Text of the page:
Toothpaste Poses Latest Threat to Sochi Games Visitors

Toothpaste poses the latest threat to Sochi Games visitors.

 Toothpaste, and the tubes it comes in, have been identified as the lasted potential threat for visitors to the Sochi Games.

America’s Department of Homeland Security sent an alert recently to US airlines heading to Russia.  The alert, also provided to foreign airlines, advised carriers to be vigilant for tubes of toothpaste which may hold ingredients possibly used for building a bomb on the plane.

A spokesman for DHS did not give other details regarding the information that triggered the alert.  Another spokesman did say that DHS routinely provides pertinent information with American and foreign partners, especially those connected with high profile events like the upcoming Olympics.

The alert went on to say that American officials were unaware of a definite risk and the notice was a part of the department’s commitment to coordinating threats with allies.  A source within federal law enforcement noted that the information provided in the alert is mainly meant for overseas  airlines and does not reflect a direct threat at the US mainland.

A source, within the American intelligence community, said the alert was connected to the detention of two females in France.  The women, of Chechen descent, are 23 and 30 years old.  Security in Sochi, Russia, site of the 2014 Games, has been on a heightened level for months because of other threats which arose from Islamic militants with connections inside Chechnya.

Sochi, which is on the Black Sea, is only 300 miles from the center of Islamic militancy in the North Caucasus Region.  Doku Umarov, known as Russia’s Osama bin Laden, told his adorers that efforts, by any means necessary, should be made to disrupt the Games.  Russia has been hit by three separate suicide bombings in the past 90 days.  Officials in Russia have attributed all three attacks to the extremists.

Toothpaste was initially said by DHS to be a threat to visitors traveling to the Sochi Games.  That alert has been modified to say that the tube carrying toothpaste may be emptied and replaced with other ingredients.  Although toothpaste itself is not normally seen as destructive, some of the ingredients have been used in armed hostilities.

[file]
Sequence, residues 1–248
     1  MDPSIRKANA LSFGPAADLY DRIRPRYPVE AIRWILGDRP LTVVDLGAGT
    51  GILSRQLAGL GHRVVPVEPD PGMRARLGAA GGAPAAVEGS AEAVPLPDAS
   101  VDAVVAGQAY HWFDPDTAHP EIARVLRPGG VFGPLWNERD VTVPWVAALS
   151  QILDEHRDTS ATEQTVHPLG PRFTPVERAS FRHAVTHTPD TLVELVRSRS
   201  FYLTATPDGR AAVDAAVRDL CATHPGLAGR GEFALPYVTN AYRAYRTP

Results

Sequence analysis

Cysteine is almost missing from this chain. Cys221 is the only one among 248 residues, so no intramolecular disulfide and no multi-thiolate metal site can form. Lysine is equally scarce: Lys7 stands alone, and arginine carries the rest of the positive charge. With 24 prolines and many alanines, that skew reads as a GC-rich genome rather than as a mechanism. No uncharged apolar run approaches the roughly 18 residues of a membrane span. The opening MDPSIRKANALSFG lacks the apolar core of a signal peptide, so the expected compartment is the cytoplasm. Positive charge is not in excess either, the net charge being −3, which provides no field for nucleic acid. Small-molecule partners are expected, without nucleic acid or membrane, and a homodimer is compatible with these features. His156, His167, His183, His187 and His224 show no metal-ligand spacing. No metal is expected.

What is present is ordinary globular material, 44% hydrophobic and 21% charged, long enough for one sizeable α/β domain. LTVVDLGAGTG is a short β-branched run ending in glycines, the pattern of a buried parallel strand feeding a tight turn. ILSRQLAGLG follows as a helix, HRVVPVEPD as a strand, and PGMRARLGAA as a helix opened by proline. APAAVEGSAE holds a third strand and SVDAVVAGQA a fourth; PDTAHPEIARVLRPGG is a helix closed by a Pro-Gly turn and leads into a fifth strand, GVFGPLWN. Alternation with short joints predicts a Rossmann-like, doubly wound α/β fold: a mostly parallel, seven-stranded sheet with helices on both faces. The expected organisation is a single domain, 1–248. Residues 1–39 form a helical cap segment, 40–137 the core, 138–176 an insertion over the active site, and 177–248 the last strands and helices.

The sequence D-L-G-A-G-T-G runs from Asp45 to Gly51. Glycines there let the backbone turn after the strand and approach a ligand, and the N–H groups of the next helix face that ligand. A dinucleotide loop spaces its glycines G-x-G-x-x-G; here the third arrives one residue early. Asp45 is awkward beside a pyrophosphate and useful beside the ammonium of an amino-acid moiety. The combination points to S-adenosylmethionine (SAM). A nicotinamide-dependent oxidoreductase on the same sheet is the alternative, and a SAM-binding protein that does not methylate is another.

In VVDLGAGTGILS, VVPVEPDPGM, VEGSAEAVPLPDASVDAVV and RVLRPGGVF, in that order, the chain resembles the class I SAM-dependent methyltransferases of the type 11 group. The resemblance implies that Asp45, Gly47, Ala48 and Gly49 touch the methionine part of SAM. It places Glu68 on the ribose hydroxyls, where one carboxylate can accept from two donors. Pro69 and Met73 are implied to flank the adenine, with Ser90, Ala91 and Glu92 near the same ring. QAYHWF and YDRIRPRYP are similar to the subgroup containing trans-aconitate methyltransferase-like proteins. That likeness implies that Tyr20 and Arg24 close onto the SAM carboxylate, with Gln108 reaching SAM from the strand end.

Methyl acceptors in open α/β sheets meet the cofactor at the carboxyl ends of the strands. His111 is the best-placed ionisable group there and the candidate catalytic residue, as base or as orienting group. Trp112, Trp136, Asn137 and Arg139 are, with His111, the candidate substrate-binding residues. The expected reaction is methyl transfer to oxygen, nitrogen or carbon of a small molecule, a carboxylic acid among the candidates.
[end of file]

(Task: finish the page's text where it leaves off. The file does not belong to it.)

A major ingredient in toothpaste is industrial waste.  Fluorosilicic acid, used by 90 percent of municipal water supplies in America, is a concentrate captured by scrubbers at fertilizer plants. Fluoride toothpastes also contain sodium monofluorophosphate, a material chemically similar to nerve agents once used for chemical warfare.

During World War II, fluorine was used to produce uranium hexafluoride, a component used in the making of early atomic bombs.  Another common ingredient in some toothpastes is potassium nitrate.  A form of potassium nitrate is also used in making gunpowder and fireworks.  A major producer of potassium nitrate is Sinochem NanJing Corporation in China.  Founded in 1976, the company exports in excess of $900 million.

The warning about explosives made out of toothpaste has been modified to say that the tubes could be emptied of toothpaste and refilled with other ingredients.  Despite that warning, Mitt Romney told reporters that he would attend the Sochi Games if his schedule allowed.  US Secretary of State John Kerry also said he’s too busy, but if he had the time, he wouldn’t mind going and would take his family as well.

One of the greater risks in Sochi is the “Black Widow.”  A Chechen woman, Ruzan Ibragimova, the widow of a deceased Islamist militant, is believed by Russian security to have gotten by the outer perimeter of safeguards around the Olympic Village.

Posters of Ibragimova have been put up throughout the city, but she still has not been located.  Her supposed presence in Sochi has led the Russian government to issue a warning saying that a terrorist attack is very likely to occur.

While toothpaste itself may not be a threat to visitors to the Sochi Games, travelers are advised by the State Department be safety conscious and be aware of their surroundings.

By Jerry Nelson


ABC News
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